Come On In, The Water's Warm – Why Dipping Your Toe In Before You Commit Can Save You A World Of Pain...

The US election, the GFC, Y2K.

These examples show us, rather embarrassingly, that we’re not as flash at predicting the future as we’d like to think we are.

Despite this fact*, when it comes to making decisions as a leader, there’s huge pressure to be all crystal ball gaze-y, to leap in head first, to be “all in” or “all out”. We’re constantly and relentlessly urged to commit UP FRONT AND IN FULL.

There’s an alternative to this line of attack that’s not used nearly as often as it should be.

It’s a thing that entrepreneurs tend to do much better than corporates and the public sector. It’s called the Dip Your Toe in the Water tactic – and it’s an approach you should embrace.

You don’t have to go in boots ‘n all when faced with a decision. In fact, using a test case or running a pilot programme to check your ideas gives you a world of advantages.

Namely, it:

  • helps you reality test your assumptions
  • lowers risk
  • let’s you co-create with your users and understand their needs better
  • allows you to bring real-world experience to your decision
  • enables you to bring along the naysayers and prove your ideas as you go

Testing the waters with small experiments gives you the chance to get feedback on the potential idea and refine the solution to make it better.

It puts you in Kaizen mode or a state of seeking continuous improvement – with “kai” in Japanese meaning ‘change’ and “zen” meaning ‘for the better’.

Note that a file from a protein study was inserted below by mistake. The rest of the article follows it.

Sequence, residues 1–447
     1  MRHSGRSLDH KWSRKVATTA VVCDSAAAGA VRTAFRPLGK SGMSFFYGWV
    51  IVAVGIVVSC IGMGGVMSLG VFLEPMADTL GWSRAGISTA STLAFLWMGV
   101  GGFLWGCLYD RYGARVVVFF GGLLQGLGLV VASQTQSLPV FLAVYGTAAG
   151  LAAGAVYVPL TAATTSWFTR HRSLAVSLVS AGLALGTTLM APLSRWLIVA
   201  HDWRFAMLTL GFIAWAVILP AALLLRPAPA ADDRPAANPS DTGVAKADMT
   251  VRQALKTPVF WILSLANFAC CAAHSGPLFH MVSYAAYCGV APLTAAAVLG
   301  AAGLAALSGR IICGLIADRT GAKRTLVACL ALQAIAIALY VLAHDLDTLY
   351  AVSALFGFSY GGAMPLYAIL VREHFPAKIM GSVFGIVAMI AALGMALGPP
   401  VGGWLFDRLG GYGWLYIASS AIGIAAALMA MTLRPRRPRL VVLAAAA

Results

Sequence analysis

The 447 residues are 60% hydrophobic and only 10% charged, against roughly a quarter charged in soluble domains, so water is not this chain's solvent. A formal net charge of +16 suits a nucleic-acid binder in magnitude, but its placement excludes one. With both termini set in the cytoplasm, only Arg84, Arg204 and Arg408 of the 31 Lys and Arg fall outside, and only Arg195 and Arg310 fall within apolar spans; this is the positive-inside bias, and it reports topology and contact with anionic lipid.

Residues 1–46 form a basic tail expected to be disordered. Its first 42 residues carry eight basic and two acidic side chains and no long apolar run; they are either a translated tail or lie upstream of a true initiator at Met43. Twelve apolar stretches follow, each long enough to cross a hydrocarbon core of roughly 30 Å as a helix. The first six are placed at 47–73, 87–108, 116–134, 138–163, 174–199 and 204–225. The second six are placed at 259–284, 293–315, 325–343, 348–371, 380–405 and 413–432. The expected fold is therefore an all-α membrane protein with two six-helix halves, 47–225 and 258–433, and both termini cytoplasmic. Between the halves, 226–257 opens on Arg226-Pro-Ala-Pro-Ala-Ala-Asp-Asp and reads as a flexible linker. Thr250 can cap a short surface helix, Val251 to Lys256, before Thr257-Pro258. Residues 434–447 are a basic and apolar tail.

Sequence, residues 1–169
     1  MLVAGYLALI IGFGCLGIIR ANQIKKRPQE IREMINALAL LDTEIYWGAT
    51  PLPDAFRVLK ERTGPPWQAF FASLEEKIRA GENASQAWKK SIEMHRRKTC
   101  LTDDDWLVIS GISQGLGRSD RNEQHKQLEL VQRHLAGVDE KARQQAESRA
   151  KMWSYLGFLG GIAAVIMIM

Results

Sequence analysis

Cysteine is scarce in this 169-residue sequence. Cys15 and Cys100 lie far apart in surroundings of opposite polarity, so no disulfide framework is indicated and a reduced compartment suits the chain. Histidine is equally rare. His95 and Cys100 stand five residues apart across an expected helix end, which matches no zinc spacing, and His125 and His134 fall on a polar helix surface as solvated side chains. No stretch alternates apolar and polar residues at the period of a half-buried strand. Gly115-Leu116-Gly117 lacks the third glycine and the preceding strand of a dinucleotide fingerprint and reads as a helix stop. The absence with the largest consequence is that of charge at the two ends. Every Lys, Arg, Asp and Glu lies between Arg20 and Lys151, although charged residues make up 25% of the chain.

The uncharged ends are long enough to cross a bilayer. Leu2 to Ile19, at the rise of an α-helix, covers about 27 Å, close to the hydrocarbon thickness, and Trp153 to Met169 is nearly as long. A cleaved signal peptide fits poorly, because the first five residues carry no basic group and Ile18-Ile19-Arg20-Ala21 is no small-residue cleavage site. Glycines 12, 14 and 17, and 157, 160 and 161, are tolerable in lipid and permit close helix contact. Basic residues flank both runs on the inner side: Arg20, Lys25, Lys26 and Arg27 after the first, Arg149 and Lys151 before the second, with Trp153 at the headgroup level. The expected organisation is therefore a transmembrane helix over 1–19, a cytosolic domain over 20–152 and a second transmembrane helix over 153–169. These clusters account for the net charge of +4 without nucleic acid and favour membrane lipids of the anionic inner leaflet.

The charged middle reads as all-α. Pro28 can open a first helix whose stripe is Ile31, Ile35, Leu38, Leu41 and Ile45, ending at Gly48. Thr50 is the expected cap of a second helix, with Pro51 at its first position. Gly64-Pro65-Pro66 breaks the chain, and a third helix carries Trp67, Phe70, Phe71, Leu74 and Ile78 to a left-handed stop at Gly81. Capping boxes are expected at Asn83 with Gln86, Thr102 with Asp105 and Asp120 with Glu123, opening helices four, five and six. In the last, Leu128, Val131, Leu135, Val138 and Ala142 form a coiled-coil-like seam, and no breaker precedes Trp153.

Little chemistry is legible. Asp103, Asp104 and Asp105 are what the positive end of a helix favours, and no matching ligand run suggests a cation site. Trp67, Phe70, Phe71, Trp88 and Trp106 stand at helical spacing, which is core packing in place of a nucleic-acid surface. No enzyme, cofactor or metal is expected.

Bonus? You often get little (and in many cases, nasty) surprises along the way that would have a much bigger impact if you’d leapt in boots ‘n all.

We use small experiments in science to test our hypotheses, so why don’t we do it more often in leadership? As Chip Heath and Dan Heath point out in their book Decisive, “Why predict something when you can test it? Why guess when we can know?”

Here are just a few ways you can adopt the ‘dip your toe in the water’ approach:

  • When you’re deciding between two competing strategies, ask, “Can we trial both ideas with a small group of customers or with just one division of the business?”
  • Make a prototype and then test it with your end user
  • Launch a MVP (minimum viable product) on a small scale and course correct once it’s launched before you go hard out telling the world about it
  • Employ a contractor in a newly-created role to test if it’s a workable new position before getting someone in permanently
  • Use secondments between departments or create ‘acting’ roles to place people in different positions within your organisation. This allows you to clearly see people’s strengths and development needs but with the ability to easily change them out of the role again at a later date. This tactic is especially useful when you’re talent mapping. It can be a nifty way of retaining key talent who are a flight risk because they’re ready for a new position but when there isn’t a new role available
  • Give several potential suppliers a small piece of work with clear boundaries and see who performs the best before signing them up longer term or larger scale

You might think you’re being indecisive if you don't go all out on a strategy from the get go, but testing is crucial because it means that results are measurable at the other end, once you’ve launched the full strategy.

And let’s be honest: you don't know what you don't know until you do.

When it comes to our love life, we’d never get engaged after the first date unless we were a bit cray cray. Go on a few dates and spend some quality time with your ideas before you walk down the aisle with them.

It doesn’t have to be all or nothing. It can be a little “something”.

What’s an area in your business where you can you dip your toe in the water right now?

*Read the chapter on “ooching” in Chip Heath and Dan Heath’s book Decisive for some sobering research on just how crap we are at predicting stuff. Even the experts get it wrong scarily often.

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